Impact of National Clinical Guideline recommendations for revascularization of persistently occluded infarct-related arteries on clinical practice in the United States.
The Occluded Artery Trial (OAT) was a large, randomized controlled trial published in 2006 that demonstrated no benefit to routine percutaneous coronary intervention (PCI) of persistently totally occluded infarct-related arteries (IRA) identified a minimum of 24 hours (on calendar days 3-28) after myocardial infarction (MI). The purpose of this study was to determine the impact of OAT results and consequent change in guideline recommendations for PCI for treatment of persistently occluded IRAs.We identified all patients enrolled in the CathPCI Registry, from 2005 to 2008, undergoing catheterization more than 24 hours after MI with a totally occluded native coronary artery and no major OAT exclusion criteria. We examined trends in monthly rates of PCI for occlusions after OAT publication and after guideline revisions. Because reporting of diagnostic catheterizations was not mandatory, we examined trends among hospitals in the highest quartile for reporting of diagnostic procedures.A total of 28,780 patient visits from 896 hospitals were included. Overall, we found no significant decline in the adjusted monthly rate of PCI of occlusions after publication of OAT (odds ratio [OR], 0.997; 95% confidence interval [CI], 0.989-1.006) or after guideline revisions (OR, 1.007; 95% CI, 0.992-1.022). Among hospitals consistently reporting diagnostic catheterizations, there was no significant decline after OAT publication (OR, 1.018; 95% CI, 0.995-1.042), and there was a trend toward decline after guideline revisions (OR, 0.963; 95% CI, 0.920-1.000).These findings suggest that the results of OAT and consequent guideline revisions have not, to date, been fully incorporated into clinical practice in a large cross-section of hospitals in the United States.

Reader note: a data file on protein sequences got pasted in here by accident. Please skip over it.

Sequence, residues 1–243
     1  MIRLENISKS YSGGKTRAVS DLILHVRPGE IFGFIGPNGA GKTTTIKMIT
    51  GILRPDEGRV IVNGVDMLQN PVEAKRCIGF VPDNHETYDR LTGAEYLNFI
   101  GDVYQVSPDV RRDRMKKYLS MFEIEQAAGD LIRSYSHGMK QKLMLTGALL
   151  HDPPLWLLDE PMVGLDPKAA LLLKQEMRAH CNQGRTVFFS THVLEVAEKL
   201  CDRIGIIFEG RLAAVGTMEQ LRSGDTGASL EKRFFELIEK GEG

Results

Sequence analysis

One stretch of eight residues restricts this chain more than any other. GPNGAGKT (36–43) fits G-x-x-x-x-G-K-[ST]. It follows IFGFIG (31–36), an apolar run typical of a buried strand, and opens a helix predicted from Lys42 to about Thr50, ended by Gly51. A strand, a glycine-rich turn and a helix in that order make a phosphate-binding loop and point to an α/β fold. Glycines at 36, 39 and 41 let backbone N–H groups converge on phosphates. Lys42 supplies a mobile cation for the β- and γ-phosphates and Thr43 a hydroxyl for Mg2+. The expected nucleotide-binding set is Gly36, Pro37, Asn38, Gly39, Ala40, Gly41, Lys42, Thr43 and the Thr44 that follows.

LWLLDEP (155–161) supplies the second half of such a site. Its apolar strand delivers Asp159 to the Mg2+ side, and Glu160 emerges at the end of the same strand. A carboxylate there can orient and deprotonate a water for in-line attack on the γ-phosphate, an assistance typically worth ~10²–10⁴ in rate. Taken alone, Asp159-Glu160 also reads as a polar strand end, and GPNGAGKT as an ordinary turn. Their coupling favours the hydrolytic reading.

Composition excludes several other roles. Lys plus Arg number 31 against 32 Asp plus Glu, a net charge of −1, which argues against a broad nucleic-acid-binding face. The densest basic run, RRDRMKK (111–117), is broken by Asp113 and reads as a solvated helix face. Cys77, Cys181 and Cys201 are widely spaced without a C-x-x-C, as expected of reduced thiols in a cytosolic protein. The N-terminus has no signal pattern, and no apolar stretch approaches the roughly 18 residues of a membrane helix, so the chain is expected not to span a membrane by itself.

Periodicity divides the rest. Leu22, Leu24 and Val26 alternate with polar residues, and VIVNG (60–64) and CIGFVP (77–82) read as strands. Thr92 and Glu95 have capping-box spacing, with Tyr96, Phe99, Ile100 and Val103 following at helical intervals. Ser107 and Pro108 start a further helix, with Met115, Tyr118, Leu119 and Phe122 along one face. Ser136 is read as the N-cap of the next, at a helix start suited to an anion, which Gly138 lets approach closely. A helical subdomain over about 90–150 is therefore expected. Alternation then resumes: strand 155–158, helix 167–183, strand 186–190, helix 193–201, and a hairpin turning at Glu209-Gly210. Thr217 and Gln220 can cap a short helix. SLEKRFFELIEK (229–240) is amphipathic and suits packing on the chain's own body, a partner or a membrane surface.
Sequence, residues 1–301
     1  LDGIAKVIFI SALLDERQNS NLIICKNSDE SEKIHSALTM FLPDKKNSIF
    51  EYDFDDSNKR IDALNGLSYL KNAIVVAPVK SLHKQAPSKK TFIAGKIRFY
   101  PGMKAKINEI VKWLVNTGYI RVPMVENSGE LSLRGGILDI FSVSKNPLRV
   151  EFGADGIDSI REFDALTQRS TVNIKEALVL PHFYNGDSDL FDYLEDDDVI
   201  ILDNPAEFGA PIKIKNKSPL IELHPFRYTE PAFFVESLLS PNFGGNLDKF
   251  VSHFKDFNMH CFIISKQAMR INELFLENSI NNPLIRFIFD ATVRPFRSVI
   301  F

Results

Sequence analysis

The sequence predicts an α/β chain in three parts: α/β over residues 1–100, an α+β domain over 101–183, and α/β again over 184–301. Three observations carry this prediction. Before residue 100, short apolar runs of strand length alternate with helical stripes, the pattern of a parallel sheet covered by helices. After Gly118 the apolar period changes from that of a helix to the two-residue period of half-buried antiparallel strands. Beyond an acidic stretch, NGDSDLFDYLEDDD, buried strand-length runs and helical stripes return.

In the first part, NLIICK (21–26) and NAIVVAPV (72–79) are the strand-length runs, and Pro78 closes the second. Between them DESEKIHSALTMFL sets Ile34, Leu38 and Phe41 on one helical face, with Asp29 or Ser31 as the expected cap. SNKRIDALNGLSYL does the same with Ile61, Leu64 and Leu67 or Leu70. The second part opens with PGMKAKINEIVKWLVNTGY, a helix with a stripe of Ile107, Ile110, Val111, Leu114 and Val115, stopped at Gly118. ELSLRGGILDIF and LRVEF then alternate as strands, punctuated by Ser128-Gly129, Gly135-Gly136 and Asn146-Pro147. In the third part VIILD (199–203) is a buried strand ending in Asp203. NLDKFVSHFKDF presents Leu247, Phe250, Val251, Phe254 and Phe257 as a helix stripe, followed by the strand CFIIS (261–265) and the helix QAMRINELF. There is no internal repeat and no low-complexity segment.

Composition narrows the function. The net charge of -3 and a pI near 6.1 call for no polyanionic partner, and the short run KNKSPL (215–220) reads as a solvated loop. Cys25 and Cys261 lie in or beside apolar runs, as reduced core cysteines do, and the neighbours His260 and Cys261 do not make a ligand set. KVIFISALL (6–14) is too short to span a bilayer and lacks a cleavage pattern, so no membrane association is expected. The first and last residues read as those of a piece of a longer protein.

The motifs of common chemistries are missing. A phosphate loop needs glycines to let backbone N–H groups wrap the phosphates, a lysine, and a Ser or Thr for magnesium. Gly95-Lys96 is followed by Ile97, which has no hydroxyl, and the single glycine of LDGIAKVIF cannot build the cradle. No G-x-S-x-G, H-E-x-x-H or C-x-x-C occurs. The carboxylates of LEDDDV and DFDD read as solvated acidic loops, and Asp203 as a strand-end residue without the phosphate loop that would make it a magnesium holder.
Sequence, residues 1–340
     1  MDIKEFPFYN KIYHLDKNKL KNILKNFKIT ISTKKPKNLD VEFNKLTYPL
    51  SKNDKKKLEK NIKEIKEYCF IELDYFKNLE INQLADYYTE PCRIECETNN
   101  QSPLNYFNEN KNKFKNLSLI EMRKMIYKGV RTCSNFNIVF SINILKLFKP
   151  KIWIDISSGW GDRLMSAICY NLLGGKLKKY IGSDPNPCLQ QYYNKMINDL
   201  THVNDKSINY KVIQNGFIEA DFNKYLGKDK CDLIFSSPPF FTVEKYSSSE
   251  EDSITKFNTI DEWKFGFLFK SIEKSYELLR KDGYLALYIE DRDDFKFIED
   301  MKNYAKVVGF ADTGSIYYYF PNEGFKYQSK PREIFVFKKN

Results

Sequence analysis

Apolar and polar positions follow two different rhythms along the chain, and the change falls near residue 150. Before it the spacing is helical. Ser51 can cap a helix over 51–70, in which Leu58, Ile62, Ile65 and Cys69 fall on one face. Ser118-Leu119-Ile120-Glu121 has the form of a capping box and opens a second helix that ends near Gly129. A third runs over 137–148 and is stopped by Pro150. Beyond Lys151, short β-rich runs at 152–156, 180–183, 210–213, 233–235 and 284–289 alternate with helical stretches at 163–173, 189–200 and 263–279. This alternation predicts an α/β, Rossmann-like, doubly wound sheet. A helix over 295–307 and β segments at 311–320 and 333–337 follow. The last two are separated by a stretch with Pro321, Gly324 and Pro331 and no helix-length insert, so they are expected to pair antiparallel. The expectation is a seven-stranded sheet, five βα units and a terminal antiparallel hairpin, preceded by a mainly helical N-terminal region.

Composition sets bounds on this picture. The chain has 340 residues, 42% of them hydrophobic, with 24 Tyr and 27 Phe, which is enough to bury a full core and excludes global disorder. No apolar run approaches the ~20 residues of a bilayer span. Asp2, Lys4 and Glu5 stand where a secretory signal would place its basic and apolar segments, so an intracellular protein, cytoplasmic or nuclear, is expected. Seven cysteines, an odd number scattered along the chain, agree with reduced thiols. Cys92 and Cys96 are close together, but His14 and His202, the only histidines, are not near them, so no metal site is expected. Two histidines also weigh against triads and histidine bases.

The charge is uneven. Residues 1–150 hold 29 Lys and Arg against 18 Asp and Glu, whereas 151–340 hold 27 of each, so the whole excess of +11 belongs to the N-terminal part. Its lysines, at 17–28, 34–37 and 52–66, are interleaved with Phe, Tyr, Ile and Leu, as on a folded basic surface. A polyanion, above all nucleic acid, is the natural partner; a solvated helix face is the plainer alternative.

Deyell, MW; Buller, CE; Miller, LH; Wang, TY; Dai, D; Lamas, GA; Srinivas, VS; Hochman, JS
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